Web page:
Cyndi's Two Cents

Farm safety for youth


School is out – or soon will be – across the Heartland of America.  Many young people in rural communities will spend the summer working on their own family’s farm, a relative’s farm, or a neighbor’s farm.  Had a proposed rule passed earlier in the decade, things could be quite different for those youth.

Many of us remember well the collective sigh of relief and shouts of victory that echoed across the country when the United States Department of Labor (DOL) Wage and Hour Division released a statement withdrawing its widely criticized proposed rule restricting children under the age of 16 from doing regular farm chores.  That victory in keeping the family active on family farms was proof to many that agriculture in America can come together with one loud and clear voice when inspired to do so.  There should be no doubt in anyone’s mind that we in agriculture believe young people are not only significant participants on our family farms today, but very well may hold the future of those farms in their smaller, calloused hands.

The overwhelming message was that most farmers do not want some bureaucrats in an ivory tower states away telling them they can no longer hire teenagers to buck hay bales or detassel corn.  Most farmers and many others in agriculture felt the proposed Department of Labor rules were overreaching and would have wrongly restricted the activities in which young people are engaged on their own farms, on relatives’ farms and on neighbors’ farms.

According to the Agricultural Safety and Health Council of America, on average 115 children under the age of 19 are killed in farm accidents every year in the United States.  It is interesting to point out that 92 of those were present in the workplace but not actually working.

Although 38 children are injured every day on U.S. farms, fewer than 8 of those youth are working when injured.

Agriculture is a dangerous profession.  We dedicate one week every year to remind and educate farmers and others who work in agriculture to be safe.  Many of you are familiar with the non-profit organization Farm Safety 4 Just Kids, founded in 1987 by a mother whose 11-year old son suffocated in a gravity flow wagon of shelled corn on his family’s Iowa farm.  The campaign to promote farm safety awareness that Marilyn Adams started 25 years ago now reaches across the United States and Canada.  It provides resources and training to individuals and communities to conduct farm safety awareness and education programs.  Farm Safety 4 Just Kids receives financial support from many large agribusinesses as well as individual donors.  This organization is a prime example of a successful grassroots effort to address a problem without government interference and undo added regulation.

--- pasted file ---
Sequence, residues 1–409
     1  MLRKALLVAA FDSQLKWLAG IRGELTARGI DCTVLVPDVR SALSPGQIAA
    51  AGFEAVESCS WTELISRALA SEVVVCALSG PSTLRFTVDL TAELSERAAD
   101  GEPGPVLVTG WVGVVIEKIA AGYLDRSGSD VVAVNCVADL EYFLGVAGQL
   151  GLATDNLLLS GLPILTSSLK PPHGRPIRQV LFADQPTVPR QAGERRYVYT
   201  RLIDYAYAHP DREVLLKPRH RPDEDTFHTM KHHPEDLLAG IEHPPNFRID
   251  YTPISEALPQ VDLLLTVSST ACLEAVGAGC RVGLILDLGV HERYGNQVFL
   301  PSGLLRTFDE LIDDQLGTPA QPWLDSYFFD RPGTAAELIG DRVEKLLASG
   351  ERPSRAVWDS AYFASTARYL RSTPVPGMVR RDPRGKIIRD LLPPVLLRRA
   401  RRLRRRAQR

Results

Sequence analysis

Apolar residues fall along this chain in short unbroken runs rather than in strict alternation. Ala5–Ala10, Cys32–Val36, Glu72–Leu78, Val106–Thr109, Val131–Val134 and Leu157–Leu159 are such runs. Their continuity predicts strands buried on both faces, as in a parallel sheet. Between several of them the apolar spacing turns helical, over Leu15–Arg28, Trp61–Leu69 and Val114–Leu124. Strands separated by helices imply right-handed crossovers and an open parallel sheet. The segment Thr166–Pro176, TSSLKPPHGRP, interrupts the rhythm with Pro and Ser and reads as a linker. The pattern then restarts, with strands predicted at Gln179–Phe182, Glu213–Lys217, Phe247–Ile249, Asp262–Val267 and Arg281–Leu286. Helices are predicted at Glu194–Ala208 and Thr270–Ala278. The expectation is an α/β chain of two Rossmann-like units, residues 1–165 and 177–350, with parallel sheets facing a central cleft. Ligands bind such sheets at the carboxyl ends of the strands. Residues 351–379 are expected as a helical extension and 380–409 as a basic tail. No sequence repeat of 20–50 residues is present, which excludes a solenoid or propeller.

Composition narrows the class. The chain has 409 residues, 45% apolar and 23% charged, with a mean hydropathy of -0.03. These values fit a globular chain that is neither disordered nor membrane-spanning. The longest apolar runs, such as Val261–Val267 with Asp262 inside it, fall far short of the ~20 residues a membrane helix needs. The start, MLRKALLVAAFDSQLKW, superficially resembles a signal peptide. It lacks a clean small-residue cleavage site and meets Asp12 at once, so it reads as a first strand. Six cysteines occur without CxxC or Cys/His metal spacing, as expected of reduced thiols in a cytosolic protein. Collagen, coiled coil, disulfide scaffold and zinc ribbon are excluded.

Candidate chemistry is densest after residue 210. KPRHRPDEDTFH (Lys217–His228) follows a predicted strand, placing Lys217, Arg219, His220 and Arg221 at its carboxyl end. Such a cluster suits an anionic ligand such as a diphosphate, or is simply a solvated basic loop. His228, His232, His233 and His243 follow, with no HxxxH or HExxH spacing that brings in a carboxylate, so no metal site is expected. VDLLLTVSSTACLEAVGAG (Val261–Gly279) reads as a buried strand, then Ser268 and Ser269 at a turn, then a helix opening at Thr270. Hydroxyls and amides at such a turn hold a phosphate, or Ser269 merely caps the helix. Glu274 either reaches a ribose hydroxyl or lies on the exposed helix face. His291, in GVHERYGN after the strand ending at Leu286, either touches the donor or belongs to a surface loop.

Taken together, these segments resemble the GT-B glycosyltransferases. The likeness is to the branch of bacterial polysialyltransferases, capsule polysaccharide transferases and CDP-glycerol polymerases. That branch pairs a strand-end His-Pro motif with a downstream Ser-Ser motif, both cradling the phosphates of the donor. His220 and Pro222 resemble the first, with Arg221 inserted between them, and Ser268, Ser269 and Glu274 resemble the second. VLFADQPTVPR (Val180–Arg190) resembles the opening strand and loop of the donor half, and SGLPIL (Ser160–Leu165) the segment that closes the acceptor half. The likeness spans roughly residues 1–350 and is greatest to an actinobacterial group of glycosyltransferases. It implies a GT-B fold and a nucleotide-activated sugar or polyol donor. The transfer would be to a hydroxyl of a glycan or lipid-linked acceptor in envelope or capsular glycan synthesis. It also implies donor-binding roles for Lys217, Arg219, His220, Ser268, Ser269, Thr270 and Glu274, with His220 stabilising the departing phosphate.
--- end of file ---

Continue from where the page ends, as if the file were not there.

The tools, technologies, equipment, and inputs used on farms in this country are, for the most part, much more advanced than those used when the previous legislation regulating safety practices of youth working in agriculture was enacted almost 45 years ago.  Although many of the “basics” are the same, the training for those who will work on a farm today is different than the training needed in 1972.  Are we investing enough time in training the next generation of farmers to be effective, efficient as well as safe?

  • I’m an agriculturalist and worked in seed corn field production fields in Nebraska. During detasseling season, thousands of youngsters would be walking long rows of corn pulling tassels. There is great supervision and supervisors that know where those youngsters are in their rows. Seed corn field companies care about the safety of employees and children working conditions. Timing is so important during detasseling but safety so much more important. I never risked youth safety.

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